Thank you Thymos, AAJA-Portland, Friends of Portland Chinatown, and Murder By the Book for the awesome Ed Lin event yesterday. Special thanks to Amy Wang, Ruth Liao, Elizabeth Suh from AAJA; Joann Le, Fai Chong, and Ivy Lin from Friends of Portland Chinatown, and Barbara Tom from Murder By the Book. I had a blast. Not only did we get to learn writing from an awesome author, but we also had a chance to hear Ed speak from the heart on his thoughts about the publishing industry and Asian American issues. What is super cool about Ed’s career is that he started from an Asian American perspective, writing about Asian American issues and participating in the Asian American Writers Workshop.
I was impressed most of all by Ed’s generosity of spirit. Some writers are all about helping themselves. It’s about what they can write, how great they are, and how much they‘ve accomplished. Which is perfectly fine–we like writers because of what they write, and if they’re cocky and smug but still happen to be great writers, we still appreciate their writing. Ed, on the other hand, is a gifted storyteller who also believes in mutual support. He has a gift that he wants to share with others, and he actively seeks to share it with others. It was awesome to be a part of that.
Ed was accompanied by his wife, the awesome actress Cindy Cheung. They’re both incredibly nice people, and they shared their experiences in their respective professions–both of which are extremely important in both culture and activism. It’s funny because last week I was going to say something about the different opinions on this YOMYOMF piece and TMM’s response, but I bowed out because I had never ever met an Asian American actor in person and felt that I was unqualified to speak. Actually, I don’t think I had ever spoken to an AA actor until Ed Kahana and Tyler Wang came here from the Stunt People! Now I can say that I’ve actually met an AA actor in person.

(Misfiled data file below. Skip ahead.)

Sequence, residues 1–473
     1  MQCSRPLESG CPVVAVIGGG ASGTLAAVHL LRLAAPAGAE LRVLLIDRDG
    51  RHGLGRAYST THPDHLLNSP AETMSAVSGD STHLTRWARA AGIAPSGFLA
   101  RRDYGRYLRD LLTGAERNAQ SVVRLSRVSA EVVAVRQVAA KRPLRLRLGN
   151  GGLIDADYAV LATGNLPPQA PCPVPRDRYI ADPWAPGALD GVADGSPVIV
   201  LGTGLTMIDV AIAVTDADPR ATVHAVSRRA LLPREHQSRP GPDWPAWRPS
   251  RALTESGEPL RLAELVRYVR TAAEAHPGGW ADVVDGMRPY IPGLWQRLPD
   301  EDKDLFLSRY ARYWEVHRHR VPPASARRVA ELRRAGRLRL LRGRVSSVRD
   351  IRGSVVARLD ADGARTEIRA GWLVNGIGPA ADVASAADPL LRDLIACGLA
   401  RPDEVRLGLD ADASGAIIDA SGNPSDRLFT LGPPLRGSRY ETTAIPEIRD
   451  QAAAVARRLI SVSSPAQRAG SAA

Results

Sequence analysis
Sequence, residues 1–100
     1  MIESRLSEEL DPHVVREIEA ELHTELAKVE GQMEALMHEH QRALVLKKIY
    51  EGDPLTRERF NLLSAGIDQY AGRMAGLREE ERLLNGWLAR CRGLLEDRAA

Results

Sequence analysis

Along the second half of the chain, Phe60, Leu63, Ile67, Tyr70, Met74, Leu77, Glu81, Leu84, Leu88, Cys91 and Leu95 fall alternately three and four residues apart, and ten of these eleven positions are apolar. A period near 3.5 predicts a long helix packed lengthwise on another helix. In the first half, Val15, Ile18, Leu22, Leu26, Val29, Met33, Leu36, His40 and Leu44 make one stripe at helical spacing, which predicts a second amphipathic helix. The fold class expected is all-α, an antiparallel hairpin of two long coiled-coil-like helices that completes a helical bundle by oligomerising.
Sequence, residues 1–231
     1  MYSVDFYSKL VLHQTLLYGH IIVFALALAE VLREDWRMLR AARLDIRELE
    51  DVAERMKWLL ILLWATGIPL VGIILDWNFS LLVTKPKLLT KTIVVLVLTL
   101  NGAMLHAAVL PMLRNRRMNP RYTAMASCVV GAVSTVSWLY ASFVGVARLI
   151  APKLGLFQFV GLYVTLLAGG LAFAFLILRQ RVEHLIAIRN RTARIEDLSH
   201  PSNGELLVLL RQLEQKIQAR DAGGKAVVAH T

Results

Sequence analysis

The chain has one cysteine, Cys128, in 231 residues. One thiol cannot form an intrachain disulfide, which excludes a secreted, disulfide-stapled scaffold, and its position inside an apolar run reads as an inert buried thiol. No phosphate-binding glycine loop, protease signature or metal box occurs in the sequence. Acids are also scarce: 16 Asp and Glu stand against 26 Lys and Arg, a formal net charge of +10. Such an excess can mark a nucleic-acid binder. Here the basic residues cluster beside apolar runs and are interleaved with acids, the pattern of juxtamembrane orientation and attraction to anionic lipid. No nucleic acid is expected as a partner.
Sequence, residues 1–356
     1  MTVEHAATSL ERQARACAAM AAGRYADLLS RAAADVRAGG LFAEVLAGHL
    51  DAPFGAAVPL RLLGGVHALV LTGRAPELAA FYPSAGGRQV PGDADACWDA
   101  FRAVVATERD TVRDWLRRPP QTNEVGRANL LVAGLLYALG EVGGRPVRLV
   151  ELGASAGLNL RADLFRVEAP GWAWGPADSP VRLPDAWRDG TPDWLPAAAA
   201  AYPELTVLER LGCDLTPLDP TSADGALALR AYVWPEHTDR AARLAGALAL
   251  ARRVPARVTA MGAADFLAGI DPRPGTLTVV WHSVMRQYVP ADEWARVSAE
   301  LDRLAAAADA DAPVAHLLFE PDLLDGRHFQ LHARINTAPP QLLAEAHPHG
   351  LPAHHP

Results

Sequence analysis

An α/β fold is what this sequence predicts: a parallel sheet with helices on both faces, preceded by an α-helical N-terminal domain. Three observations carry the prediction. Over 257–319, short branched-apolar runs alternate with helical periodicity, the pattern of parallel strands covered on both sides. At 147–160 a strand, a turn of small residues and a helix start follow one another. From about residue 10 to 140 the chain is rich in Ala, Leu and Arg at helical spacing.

I forgot to tell the story about how I first saw Cindy’s acting when I won a copy of Greg Pak’s Robot Stories in a drawing. It was the first and only thing I’ve ever won by chance. It was a Frank Chin screening in Seattle, and I had luck in my favor, but I was so fortunate to win a movie with such a great cross section of talented actors.
Ed Lin’s seminar was the first fiction writing seminar that Thymos has held. Our first two workshops–the first with Lawson Inada, and the second with Patti Duncan/Patti Sakurai–focused mostly on memoir. This one was cool because it focused on crafting fictional stories, and Ed led us through character development and relationships, along with the general structure of conflict and resolution. It was fun not only learning how Ed creates stories, but also to see how he drew them out of the students in the class.
Anyway, I was grateful and appreciative of everything I learned at the seminar. Hopefully we can do this again in the future.